A Lesson from Taizé
by Teri Daily
Providence is one of those words that means different things to different people, but in the largest sense it implies a protective force at work in the world for good. As Christians, we understand this force at work in the world for good to be God, and we understand its shape to be that of provision and resurrection.
A belief in providence doesn’t mean that everything that happens is the will of God, or that tragedy, suffering, pain, and loss can be dismissed – these are all very, very real. But to believe in providence is to believe that God provides a way forward even in the most difficult of situations, that God never leaves us, and that God’s dream for the world is never ultimately defeated – not even by death.
A sermon on Matthew 25:14-30...
The monastic community in Taizé, France has its beginnings in the early 1940s when Brother Roger purchased some land with an old, run-down house and surrounding buildings. It was during the Second World War, and Brother Roger felt called to provide safety and housing to those in need. With the help of his sister, Genevieve, the Taizé community became just such a place. The refugees sheltered there included Jews fleeing persecution. As the war drew to a close, Genevieve opened a home for children whose parents had been killed during the war; and on Sundays, German prisoners-of-war would come to the Taizé community to worship. Over time, a growing group of men committed themselves to living a gospel of hospitality and love in the now famous monastic community of Taizé. It remains “a parable of community,” an ongoing experiment in reconciliation that draws together Protestant and Catholic Christians while displaying an open, welcome stance toward those of other faiths as well. Today people travel to Taizé from all over the world to experience and share in the brothers’ hospitality – to share in what is known as “a pilgrimage of trust on earth.”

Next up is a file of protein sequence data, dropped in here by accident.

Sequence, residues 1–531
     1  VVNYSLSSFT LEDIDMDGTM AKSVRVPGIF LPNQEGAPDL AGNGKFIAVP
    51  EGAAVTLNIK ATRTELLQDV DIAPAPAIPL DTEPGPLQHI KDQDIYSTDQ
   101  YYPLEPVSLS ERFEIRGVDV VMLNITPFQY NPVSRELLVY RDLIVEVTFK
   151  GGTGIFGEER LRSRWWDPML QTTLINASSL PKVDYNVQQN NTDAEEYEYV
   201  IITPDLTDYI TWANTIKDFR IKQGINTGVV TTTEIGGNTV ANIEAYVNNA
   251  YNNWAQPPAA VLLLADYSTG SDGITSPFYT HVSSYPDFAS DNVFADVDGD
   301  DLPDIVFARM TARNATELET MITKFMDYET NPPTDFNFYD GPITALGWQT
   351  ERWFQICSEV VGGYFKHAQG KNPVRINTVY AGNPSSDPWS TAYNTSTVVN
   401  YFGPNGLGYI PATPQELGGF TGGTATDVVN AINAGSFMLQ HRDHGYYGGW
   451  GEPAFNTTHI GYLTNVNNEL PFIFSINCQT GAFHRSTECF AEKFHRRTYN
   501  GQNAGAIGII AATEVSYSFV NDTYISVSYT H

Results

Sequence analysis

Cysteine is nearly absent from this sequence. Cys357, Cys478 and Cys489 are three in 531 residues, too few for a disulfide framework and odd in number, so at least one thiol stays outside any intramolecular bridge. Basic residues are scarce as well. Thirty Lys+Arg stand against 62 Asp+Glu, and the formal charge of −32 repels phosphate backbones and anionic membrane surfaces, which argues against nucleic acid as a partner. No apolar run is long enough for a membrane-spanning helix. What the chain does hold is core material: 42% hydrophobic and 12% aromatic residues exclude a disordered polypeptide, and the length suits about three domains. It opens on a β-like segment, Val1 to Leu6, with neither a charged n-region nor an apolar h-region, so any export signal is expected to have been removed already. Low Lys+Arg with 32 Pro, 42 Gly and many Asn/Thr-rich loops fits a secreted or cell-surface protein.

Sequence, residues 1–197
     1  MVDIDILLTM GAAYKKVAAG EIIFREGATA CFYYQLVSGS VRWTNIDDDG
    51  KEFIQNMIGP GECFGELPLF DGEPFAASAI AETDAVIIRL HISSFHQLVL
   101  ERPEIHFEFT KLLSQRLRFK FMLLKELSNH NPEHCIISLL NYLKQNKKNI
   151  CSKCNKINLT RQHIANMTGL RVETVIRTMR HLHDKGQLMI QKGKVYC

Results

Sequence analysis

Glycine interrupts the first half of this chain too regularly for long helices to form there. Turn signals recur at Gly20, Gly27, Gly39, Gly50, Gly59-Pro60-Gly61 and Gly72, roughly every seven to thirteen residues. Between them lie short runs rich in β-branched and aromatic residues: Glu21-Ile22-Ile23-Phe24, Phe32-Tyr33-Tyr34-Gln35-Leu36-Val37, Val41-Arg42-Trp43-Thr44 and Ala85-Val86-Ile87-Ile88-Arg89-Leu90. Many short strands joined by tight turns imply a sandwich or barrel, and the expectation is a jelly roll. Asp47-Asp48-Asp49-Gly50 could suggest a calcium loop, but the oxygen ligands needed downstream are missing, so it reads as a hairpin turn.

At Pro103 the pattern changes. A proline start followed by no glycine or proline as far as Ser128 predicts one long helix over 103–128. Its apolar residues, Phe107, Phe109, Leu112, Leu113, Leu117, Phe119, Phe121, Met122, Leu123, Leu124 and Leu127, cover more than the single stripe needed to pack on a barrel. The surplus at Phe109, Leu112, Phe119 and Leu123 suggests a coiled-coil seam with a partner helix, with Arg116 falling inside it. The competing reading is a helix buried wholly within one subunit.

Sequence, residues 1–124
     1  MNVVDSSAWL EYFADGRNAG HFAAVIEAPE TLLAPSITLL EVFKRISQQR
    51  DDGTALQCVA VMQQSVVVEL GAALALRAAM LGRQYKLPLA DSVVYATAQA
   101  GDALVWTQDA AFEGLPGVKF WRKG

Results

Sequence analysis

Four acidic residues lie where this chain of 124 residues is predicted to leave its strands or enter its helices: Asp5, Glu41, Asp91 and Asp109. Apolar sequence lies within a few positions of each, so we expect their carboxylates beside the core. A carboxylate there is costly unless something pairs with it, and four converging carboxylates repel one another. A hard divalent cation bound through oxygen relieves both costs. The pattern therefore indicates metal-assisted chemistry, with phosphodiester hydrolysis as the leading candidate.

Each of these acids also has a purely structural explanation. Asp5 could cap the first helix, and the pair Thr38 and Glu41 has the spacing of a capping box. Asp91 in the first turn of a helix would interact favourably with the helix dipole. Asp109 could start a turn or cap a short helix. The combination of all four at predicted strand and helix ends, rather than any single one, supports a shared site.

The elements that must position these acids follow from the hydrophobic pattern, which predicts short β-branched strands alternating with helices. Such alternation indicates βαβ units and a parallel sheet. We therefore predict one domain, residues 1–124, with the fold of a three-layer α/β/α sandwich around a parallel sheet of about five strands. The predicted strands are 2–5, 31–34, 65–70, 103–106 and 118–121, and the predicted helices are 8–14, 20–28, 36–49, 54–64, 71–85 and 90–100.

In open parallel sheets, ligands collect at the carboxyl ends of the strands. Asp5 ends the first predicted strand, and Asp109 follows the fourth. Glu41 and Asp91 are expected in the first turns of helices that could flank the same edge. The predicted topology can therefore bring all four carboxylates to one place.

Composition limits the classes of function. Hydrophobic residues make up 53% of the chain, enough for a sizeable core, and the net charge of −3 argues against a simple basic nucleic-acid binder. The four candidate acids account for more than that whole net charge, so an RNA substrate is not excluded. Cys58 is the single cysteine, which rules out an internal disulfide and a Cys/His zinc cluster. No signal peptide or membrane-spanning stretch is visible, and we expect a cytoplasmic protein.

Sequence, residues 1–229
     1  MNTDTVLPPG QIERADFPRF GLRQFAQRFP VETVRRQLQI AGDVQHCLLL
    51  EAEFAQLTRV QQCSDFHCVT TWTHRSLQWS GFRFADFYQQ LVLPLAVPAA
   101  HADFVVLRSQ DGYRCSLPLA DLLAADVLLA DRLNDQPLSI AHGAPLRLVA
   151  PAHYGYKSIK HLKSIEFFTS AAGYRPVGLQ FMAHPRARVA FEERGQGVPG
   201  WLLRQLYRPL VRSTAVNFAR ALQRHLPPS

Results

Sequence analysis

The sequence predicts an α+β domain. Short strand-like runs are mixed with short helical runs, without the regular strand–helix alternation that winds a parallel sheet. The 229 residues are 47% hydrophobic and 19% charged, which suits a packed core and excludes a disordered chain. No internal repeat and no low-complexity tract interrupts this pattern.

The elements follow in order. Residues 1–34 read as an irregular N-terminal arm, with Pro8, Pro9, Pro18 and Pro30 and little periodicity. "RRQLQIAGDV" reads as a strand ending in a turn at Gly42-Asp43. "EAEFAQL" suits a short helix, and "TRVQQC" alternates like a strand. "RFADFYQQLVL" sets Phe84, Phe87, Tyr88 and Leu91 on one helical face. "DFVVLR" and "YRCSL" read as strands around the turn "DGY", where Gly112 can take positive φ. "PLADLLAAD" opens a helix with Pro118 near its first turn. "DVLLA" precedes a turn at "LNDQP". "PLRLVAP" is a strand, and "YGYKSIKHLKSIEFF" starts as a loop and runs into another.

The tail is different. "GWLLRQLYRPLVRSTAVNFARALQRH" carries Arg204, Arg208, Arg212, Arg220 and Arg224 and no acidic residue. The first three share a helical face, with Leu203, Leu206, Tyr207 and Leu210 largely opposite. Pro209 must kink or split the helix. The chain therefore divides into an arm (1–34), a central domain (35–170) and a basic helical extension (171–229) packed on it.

Taizé is not, however, an idyllic place immune from the risks and tragedies of the world. On August 16, 2005, Brother Roger was stabbed to death during the community’s evening prayers. His assailant was Luminita Luxandra Solcan, a young Romanian woman suffering from mental illness. It would have been understandable for the community of brothers to make their doors more narrow – their hospitality a little more restrained – following the murder of Brother Roger, but this isn’t the path they chose. In the aftermath of Brother Roger’s death, Brother Alois wrote these words: “Our little community feels impelled to continue along the way [Brother Roger] opened up. It is a way of trust. For him the word ‘trust’ was not a facile expression. It contains an appeal: to welcome very simply the love that God bears towards everyone, to root our lives in that love, and to take the risks that that implies.” The brothers chose the path of continued hospitality and universal love, with all the vulnerability and risk that involves.